By Anna Giles

LINCOLN (CBS 13) — PG&E will turn off power for hundreds of thousands of customers starting early Wednesday morning.

Red Flag fire conditions are widespread, affecting 34 counties. Cal Fire said this weather event marks the worst fire conditions we’ve seen this year.

This is the first time people in Lincoln will have had to deal with a mandatory power shut off. Lincoln is one of the dozens of communities dealing with this.

Tony Nunez, who has lived in Lincoln for decades, said he has everything he needs for a power shutoff: flashlights and a small generator. He’s not worried about the shutoff Wednesday that is expected to affect 800,000 customers.

“I’ve got a small generator and what a lot of people don’t realize is if you have a small generator, you can still watch TV,” Nunez said.

LIST: PG&E To Open Resource Centers During Power Shutoff

PG&E said the power will be turned off in stages, depending on the timing of severe wind conditions. Conditions are severe enough that Cal Fire is deploying extra resources

“The fire conditions we’re going to see over the next two days, maybe even longer, are the most extreme fire conditions we’ve seen in 2019,” said Mike Mohler, the deputy director of Cal Fire.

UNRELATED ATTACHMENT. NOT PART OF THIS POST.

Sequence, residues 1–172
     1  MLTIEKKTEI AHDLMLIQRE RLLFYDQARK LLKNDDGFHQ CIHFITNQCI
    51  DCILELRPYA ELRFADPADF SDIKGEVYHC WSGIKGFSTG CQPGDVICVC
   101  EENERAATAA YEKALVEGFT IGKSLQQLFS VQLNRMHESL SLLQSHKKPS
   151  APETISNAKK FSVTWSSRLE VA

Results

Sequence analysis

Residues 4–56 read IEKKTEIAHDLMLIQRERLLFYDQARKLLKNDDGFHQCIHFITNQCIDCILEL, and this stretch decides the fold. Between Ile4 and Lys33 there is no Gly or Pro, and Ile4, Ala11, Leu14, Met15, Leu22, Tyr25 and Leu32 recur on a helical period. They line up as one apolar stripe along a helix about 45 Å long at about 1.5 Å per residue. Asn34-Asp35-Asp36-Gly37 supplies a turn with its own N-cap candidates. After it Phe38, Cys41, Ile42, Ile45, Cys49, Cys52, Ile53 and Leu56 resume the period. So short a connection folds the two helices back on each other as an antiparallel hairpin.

Mohler said additional crews and equipment will be sent to all the counties affected by this latest Red Flag event. He said there’s no way to predict where a fire will break out.

“We don’t have that opportunity to say ‘oh it’s going to be right here,’ we have to spread our resources anywhere that’s affected by it,” Mohler said.

Mohler said up to 48 hours before a weather event like this, his agency is already looking at the staffing and where first responders need to be sent.

ALSO: Everything You Need To Know About PG&E Power Shutoffs Wednesday

“We notify those crews and we move them into areas working with the National Weather Service. Until we know that threat is mitigated, resources will be in that area,” Mohler said.

In the meantime, Lincoln resident Fred Gonzalez is getting ready to change his daily routine.

“I feel for everybody not just for me. You’re going to have to go back to the primitive ways, firewood,” Gonzalez said.


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